"Ghosting" has been a term many on the dating scene are familiar with, but did you know it’s more and more prevalent regarding hiring as well? For the sake of a definition, we look at ghosting as when a candidate suddenly no-shows interviews, does not return voicemails or worst of all doesn’t show-up after accepting the job offer.
Recruiters are very familiar with this concept. Right now, unemployment numbers are at record lows. This means quality candidates have their choice of employers. So, what are the impacts of ghosting for both candidates and employers?
Without A Trace
For candidates, it seems to be more and more socially acceptable to ghost. While you may not think it’s an issue, there may be unintended consequences. Here are a few things to consider before you decide to disappear.
- Let the Right One In: Disappearing on recruiters has always been common. However, if an opportunity elsewhere seems more promising, let your recruiter know. They have contacts at many companies and are not offended if you decide against an opportunity they originally presented. They might be able to help you get into the company you do have a genuine interest in.
- Final Destination: While the job market is flush with opportunity now, it may not always stay that way. Many employees (managers included) move around to different positions and companies. You never know if that hiring manager you skipped out on may show up at a different place you're applying to down the road. Even if that is unlikely, communication is extremely easy. Hiring managers in the same industry can and do easily talk to each other. You never know if you end up being someone’s horror story.
- When a Stranger Calls: No one likes their voicemail and e-mail inbox being blown up. Just letting a company know you’re no longer interested can be beneficial on just the merit of not having them hound you for a response.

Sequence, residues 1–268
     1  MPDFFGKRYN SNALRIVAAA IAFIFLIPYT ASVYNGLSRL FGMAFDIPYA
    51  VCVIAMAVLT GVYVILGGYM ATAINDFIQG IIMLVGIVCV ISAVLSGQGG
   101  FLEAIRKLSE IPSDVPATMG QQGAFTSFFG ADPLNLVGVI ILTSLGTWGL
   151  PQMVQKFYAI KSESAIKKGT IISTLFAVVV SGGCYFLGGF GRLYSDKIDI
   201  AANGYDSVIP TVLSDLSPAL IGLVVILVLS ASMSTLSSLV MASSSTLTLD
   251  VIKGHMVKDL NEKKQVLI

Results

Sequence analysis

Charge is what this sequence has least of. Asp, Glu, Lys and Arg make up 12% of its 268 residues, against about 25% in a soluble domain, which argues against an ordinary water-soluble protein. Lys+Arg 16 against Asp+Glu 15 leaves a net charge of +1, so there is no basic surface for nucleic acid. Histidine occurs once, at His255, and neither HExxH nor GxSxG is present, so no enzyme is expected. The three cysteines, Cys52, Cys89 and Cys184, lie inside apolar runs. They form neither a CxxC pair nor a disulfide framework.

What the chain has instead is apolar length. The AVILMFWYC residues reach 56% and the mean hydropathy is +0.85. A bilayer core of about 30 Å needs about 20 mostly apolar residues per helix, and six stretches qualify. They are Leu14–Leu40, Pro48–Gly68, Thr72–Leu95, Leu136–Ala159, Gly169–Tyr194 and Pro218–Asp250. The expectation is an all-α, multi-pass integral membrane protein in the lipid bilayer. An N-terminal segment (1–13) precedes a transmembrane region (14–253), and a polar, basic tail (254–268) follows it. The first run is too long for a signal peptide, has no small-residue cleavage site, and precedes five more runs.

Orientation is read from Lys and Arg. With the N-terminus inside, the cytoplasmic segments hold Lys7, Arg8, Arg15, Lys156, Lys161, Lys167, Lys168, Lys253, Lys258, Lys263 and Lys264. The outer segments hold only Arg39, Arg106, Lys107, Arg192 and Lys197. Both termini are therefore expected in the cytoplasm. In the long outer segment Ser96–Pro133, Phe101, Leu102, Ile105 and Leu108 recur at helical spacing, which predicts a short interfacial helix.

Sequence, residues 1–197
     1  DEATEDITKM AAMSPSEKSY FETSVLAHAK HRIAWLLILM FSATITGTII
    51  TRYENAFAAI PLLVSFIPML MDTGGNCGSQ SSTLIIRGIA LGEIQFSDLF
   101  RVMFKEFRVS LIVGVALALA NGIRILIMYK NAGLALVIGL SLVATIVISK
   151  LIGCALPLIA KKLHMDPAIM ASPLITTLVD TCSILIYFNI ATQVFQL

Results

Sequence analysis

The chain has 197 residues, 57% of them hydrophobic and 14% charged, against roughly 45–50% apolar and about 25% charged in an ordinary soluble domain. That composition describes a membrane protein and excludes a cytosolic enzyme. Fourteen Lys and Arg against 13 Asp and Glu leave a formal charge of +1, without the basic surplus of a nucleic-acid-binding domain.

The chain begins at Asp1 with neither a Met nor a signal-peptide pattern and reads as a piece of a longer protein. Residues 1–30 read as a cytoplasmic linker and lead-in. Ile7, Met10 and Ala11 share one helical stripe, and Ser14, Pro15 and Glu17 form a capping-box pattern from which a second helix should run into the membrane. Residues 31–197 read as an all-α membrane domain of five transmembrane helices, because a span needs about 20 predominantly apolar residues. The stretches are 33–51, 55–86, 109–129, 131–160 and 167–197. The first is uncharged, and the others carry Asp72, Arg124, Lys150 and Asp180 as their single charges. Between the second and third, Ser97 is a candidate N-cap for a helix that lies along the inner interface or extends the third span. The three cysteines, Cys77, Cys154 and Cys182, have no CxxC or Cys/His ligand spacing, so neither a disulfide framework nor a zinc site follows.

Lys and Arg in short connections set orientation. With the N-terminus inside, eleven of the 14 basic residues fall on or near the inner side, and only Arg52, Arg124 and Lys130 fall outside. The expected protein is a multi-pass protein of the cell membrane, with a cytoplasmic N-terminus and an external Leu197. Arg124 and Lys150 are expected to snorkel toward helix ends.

American Horror Story
Often, we look at a candidate ghosting as a candidate problem. However, sometimes the issue might be with a company's processes. There are a few things you can look at in your own process.
- The Conjuring: For many companies, the hiring process itself can be a disjointed mess. HR managers and department managers might not be on the same page. Position requirements can be lost in translation in terms of what might be significant or needed for the role. It is important to make sure every individual involved in your process is on the same page.
- 28 Days Later: Coinciding with the above, discrepancies in the process can make you have an overly drawn-out process. The longer your hiring process takes, the more opportunity you create for a potential candidate to go elsewhere. Industry trends show top talent can disappear off the market in 10 days or less from when they become available.
- The Thing: Something we frequently hear is that the job did not match the description. For example, if you are promoting a position as a design engineer who is going to get to create a bunch of new product designs, but really just want the individual to sit at a CAD station and do minor drafting work, you are probably going to create disappoint. Clarity in a role goes along with keeping candidates engaged in a position and keeping up their excitement throughout the process.
This Is the End
Ghosting can create bad reputations for candidates who may need those very same employers down the road. It can also result in a company having to reexamine its hiring practices to ensure that their process isn’t a total nightmare. Whether you are a candidate that requires guidance going through the job market or a company that needs aid in fixing their process and/or finding the right candidates, TriMech Staffing can help you in these scary times.